Louisville CardFile: Clemson

So eery was U of L ‘s performance in Saturday’s 62-77 meltdown to Clemson, so fragile does this Cardinal contingent’s psyche seem to be given the context of the last several seasons underlying the reality of this past week’s road trip from hell, it was good to hear these words from second season headman Chris Mack.

On the immediate past: “It’s my fault. I have to figure it out. We as a coaching staff have to figure it out. Generally, it looks like we’re not playing for anything. Really frustrating. But it’s my job to figure it out, and I’ve failed so far.”

On the immediate future: “I don’t have all the answers right now. I just don’t. It’s my job. We’ll watch film. I’m going to have a lot of one-on-one conversations, and we’ll figure out a way to be better against Syracuse on Wednesday.”

Though not the centerpiece of the David Padgett-coached team that choked up a “sure win” over UVa season before last, the core of this squad was there then and wilted last season against Duke, then staggered to the finish line, beating only hapless Notre Dame twice while losing the other six of its last eight.

The watchword of the offseason was “Finish.” Finish workouts. Finish practice. Finish games. Finish the season.

During the ten game winning skein that was shattered Wednesday last against Georgia Tech, the Cards seemed to be doing that. Finishing. Several of the victories were close calls, when Louisville was the steadier, more focused, better executing team down the stretch.

It seemed as if this experienced U of L edition had conquered that bugaboo.

Yet, lost in the glare of the glamour of that string of Ws was that the Cardinals had fashioned the streak against ACC’s lesser lights. With the exception of Duke in Cameron Indoor, of course. And a weaker UVa squad than usual, but a still formidable one. Plus a few of those victories were scary nailbiters.

Also somewhat taken for granted was Louisville’s outside shooting during that run, over 45% from beyond the arc in over 200 attempts. Reality is that was not going to continue.

Which brings us to the very unsteady, unpleasant, generally inexplicable present. A no show in Atlanta against Georgia Tech.

And whatever that was yesterday when the Cards were manhandled by the Tigers.

Before tipoff Saturday, astute color announcer Jordan Cornette spoke of Louisville’s “evident nonchalance” against Tech.

Then the game started with ACC/ National POY Jordan Nwora on the pine.

The home team scored on its first five possessions without missing a shot, forcing Mack to call a timeout, with U of L down 5-12.

Soon thereafter, the deficit had increased to thirteen points at 5-18.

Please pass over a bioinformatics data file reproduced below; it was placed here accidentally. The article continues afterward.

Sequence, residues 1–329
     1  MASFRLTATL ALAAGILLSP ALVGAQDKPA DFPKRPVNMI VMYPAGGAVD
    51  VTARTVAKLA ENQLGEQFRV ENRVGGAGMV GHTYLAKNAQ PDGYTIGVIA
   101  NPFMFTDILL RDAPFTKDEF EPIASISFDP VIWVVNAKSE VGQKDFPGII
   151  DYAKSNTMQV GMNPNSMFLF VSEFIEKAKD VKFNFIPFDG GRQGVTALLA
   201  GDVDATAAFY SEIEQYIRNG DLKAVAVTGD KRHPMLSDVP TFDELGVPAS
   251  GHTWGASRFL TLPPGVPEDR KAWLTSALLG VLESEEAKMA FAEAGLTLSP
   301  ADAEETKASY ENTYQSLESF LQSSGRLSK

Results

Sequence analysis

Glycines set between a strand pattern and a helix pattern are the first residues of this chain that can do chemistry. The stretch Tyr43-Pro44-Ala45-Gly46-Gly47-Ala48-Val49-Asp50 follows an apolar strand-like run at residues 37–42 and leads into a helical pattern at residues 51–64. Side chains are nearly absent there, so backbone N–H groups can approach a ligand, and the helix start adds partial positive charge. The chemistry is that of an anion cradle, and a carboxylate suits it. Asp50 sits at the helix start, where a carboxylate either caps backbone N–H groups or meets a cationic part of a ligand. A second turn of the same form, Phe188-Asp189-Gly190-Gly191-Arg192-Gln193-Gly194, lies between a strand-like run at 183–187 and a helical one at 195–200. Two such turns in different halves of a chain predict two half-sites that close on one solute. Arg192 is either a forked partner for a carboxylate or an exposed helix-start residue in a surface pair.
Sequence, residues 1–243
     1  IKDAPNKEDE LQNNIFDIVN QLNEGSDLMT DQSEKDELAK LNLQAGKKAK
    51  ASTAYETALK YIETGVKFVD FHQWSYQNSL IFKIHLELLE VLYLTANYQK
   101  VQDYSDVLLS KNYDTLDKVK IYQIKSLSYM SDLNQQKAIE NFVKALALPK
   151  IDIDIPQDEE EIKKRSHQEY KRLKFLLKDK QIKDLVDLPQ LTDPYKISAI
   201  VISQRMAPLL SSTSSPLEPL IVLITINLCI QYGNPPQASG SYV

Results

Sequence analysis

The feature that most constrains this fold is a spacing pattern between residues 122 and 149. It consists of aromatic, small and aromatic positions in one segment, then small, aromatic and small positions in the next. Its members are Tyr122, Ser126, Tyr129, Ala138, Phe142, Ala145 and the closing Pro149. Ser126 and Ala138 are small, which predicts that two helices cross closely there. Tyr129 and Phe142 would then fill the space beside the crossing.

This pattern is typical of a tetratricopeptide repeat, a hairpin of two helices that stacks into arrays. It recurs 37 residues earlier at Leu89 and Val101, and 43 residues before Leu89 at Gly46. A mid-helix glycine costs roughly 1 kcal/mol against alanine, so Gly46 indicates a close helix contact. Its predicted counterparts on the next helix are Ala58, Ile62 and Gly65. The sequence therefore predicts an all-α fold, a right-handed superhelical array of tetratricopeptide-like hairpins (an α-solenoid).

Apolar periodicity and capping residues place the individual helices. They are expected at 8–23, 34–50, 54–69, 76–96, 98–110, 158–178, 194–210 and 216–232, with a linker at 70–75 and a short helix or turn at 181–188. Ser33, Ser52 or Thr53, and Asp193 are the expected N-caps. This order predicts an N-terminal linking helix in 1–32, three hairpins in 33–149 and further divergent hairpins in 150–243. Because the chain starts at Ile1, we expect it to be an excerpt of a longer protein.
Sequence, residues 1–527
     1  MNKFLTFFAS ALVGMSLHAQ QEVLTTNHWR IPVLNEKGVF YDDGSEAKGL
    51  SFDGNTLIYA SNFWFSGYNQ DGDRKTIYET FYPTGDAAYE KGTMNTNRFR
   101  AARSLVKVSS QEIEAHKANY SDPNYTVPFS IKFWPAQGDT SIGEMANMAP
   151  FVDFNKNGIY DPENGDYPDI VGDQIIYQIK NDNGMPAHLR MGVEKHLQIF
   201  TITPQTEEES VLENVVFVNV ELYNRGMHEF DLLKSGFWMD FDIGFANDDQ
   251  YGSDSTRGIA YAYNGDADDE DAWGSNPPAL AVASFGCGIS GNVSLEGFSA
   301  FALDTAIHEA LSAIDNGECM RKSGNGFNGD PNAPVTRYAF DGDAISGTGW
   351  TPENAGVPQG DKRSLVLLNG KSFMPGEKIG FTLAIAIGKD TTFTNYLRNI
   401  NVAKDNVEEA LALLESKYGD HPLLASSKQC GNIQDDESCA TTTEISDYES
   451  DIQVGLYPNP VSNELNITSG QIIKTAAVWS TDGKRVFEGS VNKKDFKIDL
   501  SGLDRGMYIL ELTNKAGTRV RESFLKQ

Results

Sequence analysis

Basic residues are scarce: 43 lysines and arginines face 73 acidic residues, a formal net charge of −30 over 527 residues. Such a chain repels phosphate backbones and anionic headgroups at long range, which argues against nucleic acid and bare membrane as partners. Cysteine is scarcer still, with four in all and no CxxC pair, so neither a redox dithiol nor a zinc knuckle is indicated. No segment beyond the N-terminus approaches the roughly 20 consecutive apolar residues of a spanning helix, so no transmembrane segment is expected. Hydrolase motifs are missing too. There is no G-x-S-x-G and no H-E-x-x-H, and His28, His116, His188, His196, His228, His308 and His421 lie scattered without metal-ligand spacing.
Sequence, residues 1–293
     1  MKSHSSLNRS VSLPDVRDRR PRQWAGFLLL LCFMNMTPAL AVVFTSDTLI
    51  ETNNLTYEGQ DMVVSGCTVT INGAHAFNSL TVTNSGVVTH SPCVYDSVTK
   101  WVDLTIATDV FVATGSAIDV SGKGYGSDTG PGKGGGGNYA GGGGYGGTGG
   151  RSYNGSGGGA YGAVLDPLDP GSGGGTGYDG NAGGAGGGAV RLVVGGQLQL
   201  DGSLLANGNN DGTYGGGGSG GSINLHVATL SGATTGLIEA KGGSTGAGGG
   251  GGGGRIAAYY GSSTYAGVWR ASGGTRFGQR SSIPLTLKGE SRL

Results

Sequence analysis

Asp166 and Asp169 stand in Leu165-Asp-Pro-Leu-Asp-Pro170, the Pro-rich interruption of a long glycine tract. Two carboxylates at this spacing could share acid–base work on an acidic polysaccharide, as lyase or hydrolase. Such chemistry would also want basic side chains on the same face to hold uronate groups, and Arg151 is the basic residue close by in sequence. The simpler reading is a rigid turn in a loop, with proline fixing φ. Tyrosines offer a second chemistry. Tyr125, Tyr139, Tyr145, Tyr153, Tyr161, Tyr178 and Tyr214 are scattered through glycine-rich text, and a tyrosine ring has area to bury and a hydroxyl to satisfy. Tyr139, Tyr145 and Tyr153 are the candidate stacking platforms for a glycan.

Louisville never cut the margin to single digits the rest of the way.

Former Cardinal Luke Hancock at the half: “Clemson’s just winning.

“Clemson’s out-toughing the Cardinals.”

It wasn’t like Louisville wasn’t making an effort, it was just that there were no results. The Cardinals grabbed 7 offensive boards in the 1st, but only had 4 second chance points. While the home team tallied 11 off U of L’s five turnovers. And 12 in the paint to the Cardinals’ 2.

After scoring only 14 points in the 1st, U of L showed more life in the 2d. But was still a ghostly shell of the team that had become one of the darlings of the national media.

After making only five of 32 FG attempts before intermission, 16%, U of L converted 19/37 (51%) after the break. But allowed Clemson to connect more readily on 13/23 (57%).

The Cards showed some zest midway through the 2d, cutting the Tigers’ once 20 point advantage in half. Then Clemson spurted away again, and for good, hitting three wide open treys, when Nwora, David Johnson and Malik Williams failed to close on the shooters behind the three point line.

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To accentuate some positive:

Dwayne Sutton scored 18, and snared 7 rebounds, and was ever relentless.

David Johnson had 12 points, grabbed 6 off the glass, and dished out 8 assists without a turnover.

I thought Malik Williams battled as best he could, scoring 9 with 4 boards.

Nwora battled on the boards in the 2d.


Since it was ranked Top 5, Louisville’s loss was prominent on the ESPN crawl. But it was not the only Top 25 squad to lose on the road to an unranked foe yesterday. Auburn went down at Mizzou. Seton Hall fell in Providence. Illinois was conquered at Rutgers. Houston went down at SMU.

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We will learn soon enough what this ’19-’20 edition of the Cardinals is made of.

Louisville has hit critical mass.

Syracuse and the Tar Hells come visiting the Yum! this week.

Will Louisville finish? Or, will they fold?

— c d kaplan




2 thoughts on “Louisville CardFile: Clemson

  1. A few meaningless observations:
    – Each team that the Cards have played twice this season have outperformed the Cards in the second game. Miami is the exception, probably because the first game was in Coral Gables. And it was probably a little bit of luck the kept the second Pittsburgh game from being another loss.
    – Each Georgia Tech game followed a statement win by the Cards (Duke and Virginia).
    – Both Clemson games each followed the Georgia Tech games.

    Given the first observation, I’m not looking forward to the second Florida State game on Feb. 24th.

  2. I’m very concerned. I have seen minimal improvement since game one. I don’t see “on the court” leadership and body language among many of the players has been terrible the past several games. I believe I even saw some bickering among some players yesterday. For a team with a wealth of talent and experience it seems things should be more settled. All is not grim, but it’s a bit late to be working on the basics.

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